So they are wrong. How? In a quote that implies the murderous attitudes of an official, becuase he can dig up another quote from the same authors writings that someone else that says something more benign. Now, there are probably lots of interesting facts in that book. But we are to dismiss it on that? Why?
Because "Published in France in January 1977, it has become the best-known unread book in recent history, on the basis of an account by Jean Lacouture (in the New York Review of Books), widely cited since in the press, which alleges that Ponchaud has revealed a policy of 'auto-genocide' (Lacouture's term) practiced by the Communists." means that it must be what the media wants you to hear.
Now for the ceeding to deaths, with more mention of who really is to blame.
"and others elsewhere, have provided analyses by highly qualified specialists who have studied the full range of evidence available, and who concluded that executions have numbered at most in the thousands; that these were localized in areas of limited Khmer Rouge influence and unusual peasant discontent, where brutal revenge killings were aggravated by the threat of starvation resulting from the American destruction and killing. "
Look at that one closely, becuase it is a close as you'll get to ceeding that the Kmer Rouge caused any deaths, and the number is one hundredth of what really took place. And although they might have pulled the trigger, America (although not supporting the Kmer Rouge as he later claims) made it happen.
The next few lines are pretty telling (were still on the ceeding deaths and sticking the blame on America)...
"These reports also emphasize both the extraordinary brutality on both sides during the civil war (provoked by the American attack) and repeated discoveries that massacre reports were false. They also testify to the extreme unreliability of refugee reports, and the need to treat them with great caution, a fact that we and others have discussed elsewhere (cf. Chomsky: At War with Asia, on the problems of interpreting reports of refugees from American bombing in Laos). Refugees are frightened and defenseless, at the mercy of alien forces. They naturally tend to report what they believe their interlocuters wish to hear. While these reports must be considered seriously, care and caution are necessary. Specifically, refugees questioned by Westerners or Thais have a vested interest in reporting atrocities on the part of Cambodian revolutionaries, an obvious fact that no serious reporter will fail to take into account."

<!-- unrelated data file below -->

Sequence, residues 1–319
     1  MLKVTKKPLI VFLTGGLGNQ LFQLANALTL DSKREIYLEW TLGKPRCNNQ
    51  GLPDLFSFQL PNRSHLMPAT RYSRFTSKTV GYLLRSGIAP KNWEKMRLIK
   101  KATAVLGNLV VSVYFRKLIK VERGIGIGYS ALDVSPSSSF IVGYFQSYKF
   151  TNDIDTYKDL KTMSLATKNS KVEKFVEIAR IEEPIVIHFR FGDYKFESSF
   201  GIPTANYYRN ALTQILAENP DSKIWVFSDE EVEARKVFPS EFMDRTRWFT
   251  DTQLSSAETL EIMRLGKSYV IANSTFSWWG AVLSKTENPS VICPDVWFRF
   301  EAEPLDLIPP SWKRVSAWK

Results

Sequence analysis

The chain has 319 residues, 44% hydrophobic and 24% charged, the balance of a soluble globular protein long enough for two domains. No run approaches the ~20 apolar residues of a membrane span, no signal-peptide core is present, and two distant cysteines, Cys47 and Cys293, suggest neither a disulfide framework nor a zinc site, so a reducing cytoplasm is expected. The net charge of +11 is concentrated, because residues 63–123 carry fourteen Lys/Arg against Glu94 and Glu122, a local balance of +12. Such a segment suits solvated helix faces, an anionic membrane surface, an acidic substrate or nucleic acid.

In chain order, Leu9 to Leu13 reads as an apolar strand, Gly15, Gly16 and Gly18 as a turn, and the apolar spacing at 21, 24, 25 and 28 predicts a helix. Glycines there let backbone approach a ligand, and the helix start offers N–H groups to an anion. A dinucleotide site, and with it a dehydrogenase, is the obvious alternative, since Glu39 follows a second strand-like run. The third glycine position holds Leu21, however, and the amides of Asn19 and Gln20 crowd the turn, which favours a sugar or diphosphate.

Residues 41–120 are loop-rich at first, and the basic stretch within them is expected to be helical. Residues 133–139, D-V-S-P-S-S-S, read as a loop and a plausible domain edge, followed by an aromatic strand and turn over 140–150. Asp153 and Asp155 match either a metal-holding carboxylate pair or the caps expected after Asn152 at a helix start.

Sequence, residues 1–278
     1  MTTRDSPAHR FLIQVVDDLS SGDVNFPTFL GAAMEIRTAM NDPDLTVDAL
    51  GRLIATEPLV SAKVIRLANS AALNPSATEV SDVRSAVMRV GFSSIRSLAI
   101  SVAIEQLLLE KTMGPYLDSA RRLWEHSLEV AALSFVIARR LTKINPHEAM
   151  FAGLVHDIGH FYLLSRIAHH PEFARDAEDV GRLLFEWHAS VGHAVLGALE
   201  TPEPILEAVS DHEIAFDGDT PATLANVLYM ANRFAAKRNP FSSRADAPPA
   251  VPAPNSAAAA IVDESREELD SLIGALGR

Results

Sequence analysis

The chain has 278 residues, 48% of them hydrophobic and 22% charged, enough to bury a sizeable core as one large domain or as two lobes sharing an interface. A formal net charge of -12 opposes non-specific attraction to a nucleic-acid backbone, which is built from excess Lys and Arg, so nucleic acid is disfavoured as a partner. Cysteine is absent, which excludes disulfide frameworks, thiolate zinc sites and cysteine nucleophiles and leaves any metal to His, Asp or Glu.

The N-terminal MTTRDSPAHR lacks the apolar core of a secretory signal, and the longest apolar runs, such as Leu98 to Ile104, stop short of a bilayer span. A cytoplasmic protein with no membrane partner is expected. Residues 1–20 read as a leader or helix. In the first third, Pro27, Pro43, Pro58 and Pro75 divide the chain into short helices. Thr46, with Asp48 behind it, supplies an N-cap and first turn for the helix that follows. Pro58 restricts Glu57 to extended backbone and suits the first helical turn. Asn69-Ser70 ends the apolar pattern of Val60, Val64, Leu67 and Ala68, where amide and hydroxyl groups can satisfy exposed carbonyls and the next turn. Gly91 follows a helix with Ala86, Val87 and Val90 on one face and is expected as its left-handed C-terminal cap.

I quoted a lot there, becuase at every corner he ceeds he includes a jab that America is still to blame becuase they caused the reports, interpretations, killings, and circumstance. Lode Runners point is put across clearly here also. If such care and consideration is neccissary, then he is hippocritical in what he is saying about Afghanistan, predicting doom and massive killings before the fact. I see where Lode Runner has every reason to question Chomsky's commentary. Also Lode Runner did mention how Chomsky later directly charges the US as not doing enough to stop the Kmer Rouge, after all this evidence of what the US was trying to do to bring it to light.
The next paragraph was what Lode Runner mentioned even,
"To give an illustration of just one neglected source, the London Economist (March 26, 1977) carried a letter by W.J. Sampson, who worked as an economist and statistician for the Cambodian Government until March 1975, in close contact with the central statistics office. After leaving Cambodia, he writes, he "visited refugee camps in Thailand and kept in touch with Khmers," and he also relied on "A European friend who cycled around Phnom Penh for many days after its fall [and] saw and heard of no ... executions" apart from "the shooting of some prominent politicians and the lynching of hated bomber pilots in Phnom Penh." He concludes "that executions could be numbered in hundreds or thousands rather than in hundreds of thousands," though there was "a big death toll from sickness" -- surely a direct consequence, in large measure, of the devastation caused by the American attack. Sampson's analysis is known to those in the press who have cited Ponchaud at second-hand, but has yet to be reported here. And his estimate of executions is far from unique."
What was that estimate? Lets see if I can quote... "executions could be numbered in hundreds or thousands rather than in hundreds of thousands," and is it of little concequence of America? Is it just some concequence of America? Not it is a "a direct consequence, in large measure, of the devastation caused by the American attack." Again no mention of any support of Kmer from the Americans yet, but they are to blame in any case. (And later to blame for not doing enough.)
Next he goes on how the more accurate estimates are really over-exagerated, and mis-marked on blame. I have to go to work now, so I won't get in to it.
But it is evident already that Chomsky's question is not just the real numbers but who really is to blame, either indirectly by circumstance or directly to blame in use of B52's. After reading it I support Lode Runners position that he was directly downplaying and even dismissing the attrocities in Cambodia. Not only does he call in to question the accurate numbers, but that there are any numbers at all. He questions all of it with a few instances of journalism he can bring in to doubt, rather than the whole of it, or even the most convincing portions of it.
And never in the article does he accuse the Kmer Rouge of direct US backing. I guess that is saved until after he found out what they did, and then they I suppose he concludes that anyone who kills millions has to have been backed by the US somehow.
[ Parent ]